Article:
During shopping hour the students can sit in their groups, discuss the items they will purchase and work out aspects of their team identity. Some popular team items include: Changing the team name – you can set the names as something very generic such as team 1 team 2 and if they choose to purchase a new name they can. New names will of course need to be approved, I strongly suggest checking urban dictionary before you approve a name and aren’t caught out… the phrase shocka for example has meanings I knew nothing about… I don’t recommend googling. You can allow teams to design and create group flags or emblems to be hung in the classroom, the creation of these would be an item in itself but coupled with materials (buttons, rope etc.) they will need to purchase to level up their designs.
In the reverse you can have a highly priced item that allows groups to change another group’s name! This needs to be handled carefully and with the right group of students but it can be a lot of fun.
A popular shop item I have used is short presentations, allow the groups to present something to the rest of the class for a set number of minutes. Letting them take the floor and then purchasing extra minutes are all great items.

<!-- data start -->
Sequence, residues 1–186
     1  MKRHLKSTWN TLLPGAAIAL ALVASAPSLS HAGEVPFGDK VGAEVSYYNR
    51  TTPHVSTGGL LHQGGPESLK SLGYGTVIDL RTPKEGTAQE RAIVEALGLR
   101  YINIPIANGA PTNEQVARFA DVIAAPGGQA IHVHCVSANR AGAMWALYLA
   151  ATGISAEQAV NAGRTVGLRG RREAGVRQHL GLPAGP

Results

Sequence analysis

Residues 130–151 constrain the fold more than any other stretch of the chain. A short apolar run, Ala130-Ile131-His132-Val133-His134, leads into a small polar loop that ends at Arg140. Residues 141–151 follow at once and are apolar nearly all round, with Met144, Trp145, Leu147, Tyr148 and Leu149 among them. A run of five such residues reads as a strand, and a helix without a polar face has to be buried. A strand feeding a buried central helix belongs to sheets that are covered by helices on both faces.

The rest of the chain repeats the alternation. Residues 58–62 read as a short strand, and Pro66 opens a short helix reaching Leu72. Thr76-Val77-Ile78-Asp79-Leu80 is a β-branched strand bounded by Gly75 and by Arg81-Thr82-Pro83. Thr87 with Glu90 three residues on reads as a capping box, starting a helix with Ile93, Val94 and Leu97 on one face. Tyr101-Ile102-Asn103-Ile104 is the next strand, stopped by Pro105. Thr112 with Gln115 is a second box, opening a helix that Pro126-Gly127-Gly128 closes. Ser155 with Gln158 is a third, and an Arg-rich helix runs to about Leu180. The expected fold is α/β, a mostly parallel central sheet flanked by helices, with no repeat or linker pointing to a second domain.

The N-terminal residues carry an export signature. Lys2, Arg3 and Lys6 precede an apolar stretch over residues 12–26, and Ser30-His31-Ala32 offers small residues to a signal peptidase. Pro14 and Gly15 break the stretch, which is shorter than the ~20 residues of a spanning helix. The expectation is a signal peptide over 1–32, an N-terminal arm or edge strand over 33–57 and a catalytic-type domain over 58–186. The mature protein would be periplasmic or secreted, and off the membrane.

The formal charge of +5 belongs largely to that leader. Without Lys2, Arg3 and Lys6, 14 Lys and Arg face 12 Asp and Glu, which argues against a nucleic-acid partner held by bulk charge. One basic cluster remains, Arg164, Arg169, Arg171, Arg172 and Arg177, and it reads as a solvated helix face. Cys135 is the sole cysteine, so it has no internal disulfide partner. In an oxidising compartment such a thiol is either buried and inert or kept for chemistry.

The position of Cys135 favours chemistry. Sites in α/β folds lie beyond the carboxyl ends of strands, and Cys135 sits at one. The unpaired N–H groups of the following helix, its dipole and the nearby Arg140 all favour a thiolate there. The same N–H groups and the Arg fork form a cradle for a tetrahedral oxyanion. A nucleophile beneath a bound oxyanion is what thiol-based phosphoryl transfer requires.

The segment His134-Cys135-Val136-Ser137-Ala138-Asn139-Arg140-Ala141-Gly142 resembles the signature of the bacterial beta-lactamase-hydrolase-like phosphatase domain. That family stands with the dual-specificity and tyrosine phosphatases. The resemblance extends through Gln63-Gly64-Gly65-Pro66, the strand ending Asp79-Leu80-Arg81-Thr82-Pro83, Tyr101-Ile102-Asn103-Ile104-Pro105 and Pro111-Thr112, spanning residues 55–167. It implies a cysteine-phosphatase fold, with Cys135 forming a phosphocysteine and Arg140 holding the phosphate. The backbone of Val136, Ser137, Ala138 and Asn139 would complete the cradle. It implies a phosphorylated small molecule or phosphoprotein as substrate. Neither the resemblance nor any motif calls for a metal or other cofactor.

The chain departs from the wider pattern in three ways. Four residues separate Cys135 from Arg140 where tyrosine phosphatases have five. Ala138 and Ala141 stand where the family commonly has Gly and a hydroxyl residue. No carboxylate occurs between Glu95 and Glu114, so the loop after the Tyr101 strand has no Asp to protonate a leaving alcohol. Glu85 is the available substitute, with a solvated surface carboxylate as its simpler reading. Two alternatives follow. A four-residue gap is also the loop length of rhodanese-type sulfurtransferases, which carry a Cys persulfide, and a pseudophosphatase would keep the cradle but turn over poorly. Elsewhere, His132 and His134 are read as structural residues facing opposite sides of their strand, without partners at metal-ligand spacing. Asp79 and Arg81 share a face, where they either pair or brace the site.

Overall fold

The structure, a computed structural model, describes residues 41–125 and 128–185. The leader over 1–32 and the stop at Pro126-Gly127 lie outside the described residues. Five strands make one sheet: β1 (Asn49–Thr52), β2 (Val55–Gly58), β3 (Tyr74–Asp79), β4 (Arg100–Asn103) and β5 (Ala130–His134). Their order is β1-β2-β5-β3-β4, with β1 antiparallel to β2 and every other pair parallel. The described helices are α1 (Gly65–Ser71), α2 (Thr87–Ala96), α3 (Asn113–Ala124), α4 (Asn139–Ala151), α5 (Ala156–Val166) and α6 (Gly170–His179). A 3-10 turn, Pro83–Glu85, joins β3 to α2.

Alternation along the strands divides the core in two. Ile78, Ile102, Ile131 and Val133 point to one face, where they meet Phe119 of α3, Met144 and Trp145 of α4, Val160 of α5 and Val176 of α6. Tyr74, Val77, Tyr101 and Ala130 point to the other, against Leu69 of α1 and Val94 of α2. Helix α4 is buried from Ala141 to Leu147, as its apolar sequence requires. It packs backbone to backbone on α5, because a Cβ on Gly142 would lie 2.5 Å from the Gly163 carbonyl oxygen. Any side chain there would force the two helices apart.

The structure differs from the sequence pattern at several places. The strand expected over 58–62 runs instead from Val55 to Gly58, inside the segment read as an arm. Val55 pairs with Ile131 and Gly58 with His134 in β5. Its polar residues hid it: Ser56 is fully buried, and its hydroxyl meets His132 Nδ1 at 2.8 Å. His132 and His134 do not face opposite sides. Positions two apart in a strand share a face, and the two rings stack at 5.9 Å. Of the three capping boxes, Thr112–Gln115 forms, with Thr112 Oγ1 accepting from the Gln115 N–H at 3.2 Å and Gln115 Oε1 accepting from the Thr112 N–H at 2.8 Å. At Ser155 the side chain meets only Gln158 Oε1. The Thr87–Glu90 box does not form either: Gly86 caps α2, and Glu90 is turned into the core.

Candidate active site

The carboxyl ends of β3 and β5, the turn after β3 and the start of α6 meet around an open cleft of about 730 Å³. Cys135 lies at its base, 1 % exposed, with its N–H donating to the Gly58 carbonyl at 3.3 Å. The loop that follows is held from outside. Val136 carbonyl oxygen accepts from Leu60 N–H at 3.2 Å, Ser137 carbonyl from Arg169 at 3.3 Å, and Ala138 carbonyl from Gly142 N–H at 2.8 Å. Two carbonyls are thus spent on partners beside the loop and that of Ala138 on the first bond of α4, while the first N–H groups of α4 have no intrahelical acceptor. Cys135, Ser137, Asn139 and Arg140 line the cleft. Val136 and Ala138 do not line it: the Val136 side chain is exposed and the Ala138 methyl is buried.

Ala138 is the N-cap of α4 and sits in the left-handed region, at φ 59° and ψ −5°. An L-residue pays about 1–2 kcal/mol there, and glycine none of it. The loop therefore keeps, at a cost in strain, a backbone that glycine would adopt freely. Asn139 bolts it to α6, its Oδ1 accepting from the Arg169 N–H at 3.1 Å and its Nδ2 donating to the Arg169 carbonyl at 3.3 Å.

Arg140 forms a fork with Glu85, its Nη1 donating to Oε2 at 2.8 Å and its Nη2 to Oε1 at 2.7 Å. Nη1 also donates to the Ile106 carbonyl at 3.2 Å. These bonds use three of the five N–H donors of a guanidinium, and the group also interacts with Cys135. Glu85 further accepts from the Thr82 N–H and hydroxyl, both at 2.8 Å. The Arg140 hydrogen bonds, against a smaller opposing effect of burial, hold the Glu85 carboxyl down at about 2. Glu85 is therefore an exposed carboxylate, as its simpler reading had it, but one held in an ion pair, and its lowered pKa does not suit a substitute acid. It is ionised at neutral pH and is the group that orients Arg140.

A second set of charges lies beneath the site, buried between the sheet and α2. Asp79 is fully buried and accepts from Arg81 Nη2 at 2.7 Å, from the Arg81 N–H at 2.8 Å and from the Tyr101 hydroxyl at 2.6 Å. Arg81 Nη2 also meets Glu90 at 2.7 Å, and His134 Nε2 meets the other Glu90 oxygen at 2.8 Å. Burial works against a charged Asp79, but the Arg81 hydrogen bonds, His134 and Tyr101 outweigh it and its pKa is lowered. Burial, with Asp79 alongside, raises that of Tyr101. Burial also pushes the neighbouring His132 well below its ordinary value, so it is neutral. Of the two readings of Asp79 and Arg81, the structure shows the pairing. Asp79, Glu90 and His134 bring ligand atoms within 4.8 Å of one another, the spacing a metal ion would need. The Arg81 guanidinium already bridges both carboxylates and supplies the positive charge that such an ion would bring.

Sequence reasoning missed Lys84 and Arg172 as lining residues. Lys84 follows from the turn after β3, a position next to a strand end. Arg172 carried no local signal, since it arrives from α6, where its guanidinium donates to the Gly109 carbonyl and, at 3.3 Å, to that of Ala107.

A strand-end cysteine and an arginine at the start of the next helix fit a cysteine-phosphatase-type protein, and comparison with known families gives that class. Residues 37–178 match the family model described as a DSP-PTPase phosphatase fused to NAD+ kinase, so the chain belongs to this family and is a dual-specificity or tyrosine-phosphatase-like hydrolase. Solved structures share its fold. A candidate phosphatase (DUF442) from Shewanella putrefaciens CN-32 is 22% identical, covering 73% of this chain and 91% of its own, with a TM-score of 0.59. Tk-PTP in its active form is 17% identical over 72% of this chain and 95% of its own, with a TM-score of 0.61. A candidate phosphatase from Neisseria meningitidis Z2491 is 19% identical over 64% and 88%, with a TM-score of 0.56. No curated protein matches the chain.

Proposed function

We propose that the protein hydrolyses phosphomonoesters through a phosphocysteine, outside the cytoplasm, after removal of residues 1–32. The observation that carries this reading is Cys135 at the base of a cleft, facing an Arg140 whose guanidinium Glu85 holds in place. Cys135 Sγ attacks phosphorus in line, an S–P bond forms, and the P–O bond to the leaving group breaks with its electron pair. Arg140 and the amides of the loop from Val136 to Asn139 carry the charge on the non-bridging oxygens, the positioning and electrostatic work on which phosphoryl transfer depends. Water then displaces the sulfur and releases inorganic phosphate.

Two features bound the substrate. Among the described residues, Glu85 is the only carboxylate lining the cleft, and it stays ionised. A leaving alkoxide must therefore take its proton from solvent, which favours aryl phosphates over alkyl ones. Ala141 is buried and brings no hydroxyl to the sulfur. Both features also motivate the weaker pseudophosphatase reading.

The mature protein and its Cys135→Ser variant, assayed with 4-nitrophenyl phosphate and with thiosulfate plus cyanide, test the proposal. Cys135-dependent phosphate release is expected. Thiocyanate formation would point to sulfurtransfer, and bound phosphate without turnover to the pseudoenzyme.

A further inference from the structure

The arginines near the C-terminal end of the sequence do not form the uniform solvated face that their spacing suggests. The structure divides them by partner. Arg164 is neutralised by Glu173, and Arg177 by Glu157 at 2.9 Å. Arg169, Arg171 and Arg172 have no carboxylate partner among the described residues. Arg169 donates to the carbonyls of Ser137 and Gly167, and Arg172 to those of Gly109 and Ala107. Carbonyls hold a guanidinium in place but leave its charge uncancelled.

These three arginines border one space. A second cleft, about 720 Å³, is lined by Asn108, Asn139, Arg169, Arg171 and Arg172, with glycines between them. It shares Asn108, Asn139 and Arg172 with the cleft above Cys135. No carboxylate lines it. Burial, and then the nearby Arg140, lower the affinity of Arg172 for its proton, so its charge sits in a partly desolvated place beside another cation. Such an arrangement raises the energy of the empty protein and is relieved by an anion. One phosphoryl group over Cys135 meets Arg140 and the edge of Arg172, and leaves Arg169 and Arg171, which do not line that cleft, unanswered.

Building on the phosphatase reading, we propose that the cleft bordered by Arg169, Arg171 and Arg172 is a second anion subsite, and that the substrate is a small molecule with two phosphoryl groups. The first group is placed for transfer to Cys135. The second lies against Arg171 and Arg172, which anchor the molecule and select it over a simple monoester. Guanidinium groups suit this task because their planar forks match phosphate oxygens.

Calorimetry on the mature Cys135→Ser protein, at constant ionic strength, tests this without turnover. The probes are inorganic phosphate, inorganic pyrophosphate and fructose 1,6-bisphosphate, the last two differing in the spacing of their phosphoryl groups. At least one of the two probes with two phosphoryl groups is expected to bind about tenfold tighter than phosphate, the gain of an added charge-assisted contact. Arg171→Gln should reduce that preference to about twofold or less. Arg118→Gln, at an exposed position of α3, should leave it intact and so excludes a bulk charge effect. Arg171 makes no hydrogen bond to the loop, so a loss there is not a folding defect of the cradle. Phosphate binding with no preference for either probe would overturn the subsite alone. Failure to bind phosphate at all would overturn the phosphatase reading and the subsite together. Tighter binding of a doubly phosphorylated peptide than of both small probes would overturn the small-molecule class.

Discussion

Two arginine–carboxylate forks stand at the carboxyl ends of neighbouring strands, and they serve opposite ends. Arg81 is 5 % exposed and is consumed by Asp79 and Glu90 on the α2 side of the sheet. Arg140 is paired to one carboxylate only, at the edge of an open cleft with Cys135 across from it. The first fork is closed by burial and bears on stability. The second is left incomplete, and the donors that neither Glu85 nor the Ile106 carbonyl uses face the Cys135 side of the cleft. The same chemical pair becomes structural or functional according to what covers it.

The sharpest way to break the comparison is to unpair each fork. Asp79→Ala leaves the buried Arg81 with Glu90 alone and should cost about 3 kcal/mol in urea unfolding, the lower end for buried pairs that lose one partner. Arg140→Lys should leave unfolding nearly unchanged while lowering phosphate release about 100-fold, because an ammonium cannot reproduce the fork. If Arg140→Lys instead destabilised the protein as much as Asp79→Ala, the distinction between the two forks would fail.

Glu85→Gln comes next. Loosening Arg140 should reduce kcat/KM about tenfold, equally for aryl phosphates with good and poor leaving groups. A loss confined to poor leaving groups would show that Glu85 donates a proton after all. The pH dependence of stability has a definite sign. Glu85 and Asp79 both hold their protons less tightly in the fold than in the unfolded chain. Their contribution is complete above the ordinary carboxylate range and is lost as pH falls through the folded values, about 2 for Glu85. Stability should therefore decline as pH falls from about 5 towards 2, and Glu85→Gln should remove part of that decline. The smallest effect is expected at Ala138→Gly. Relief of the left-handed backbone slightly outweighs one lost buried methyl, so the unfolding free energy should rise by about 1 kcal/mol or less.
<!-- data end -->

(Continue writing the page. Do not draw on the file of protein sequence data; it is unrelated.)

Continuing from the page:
On a bigger scale from the groups, you can choose to let the class pool their points and buy rewards, some ideas for this type of item might include:
Playing music out loud while working
A pizza party
Or a very expensive one might be to change a lesson (from history to free choosing)
If you decide to have whole class items you will need to set ground rules for purchase. Everyone has to put in the same amount and agree to the item. If they don’t it will not be fair.
Before we leave it there I would like to talk quickly about pricing your shop items. If in doubt go higher than you think. It is too easy to get carried away and give out loads of points when the class is being amazing and have them go wild in the shop. Expensive things require the kids to save up (or work together) and if you are feeling generous you can always throw a flash sale or even let them earn a special 10% off bonus point for something extra special. It is easier to put prices down than raise them!
Creating a classroom economy is a great way to build a classroom community, it improves behaviour and it teaches kids a whole range of skills. Give it a go and let me know how you get on.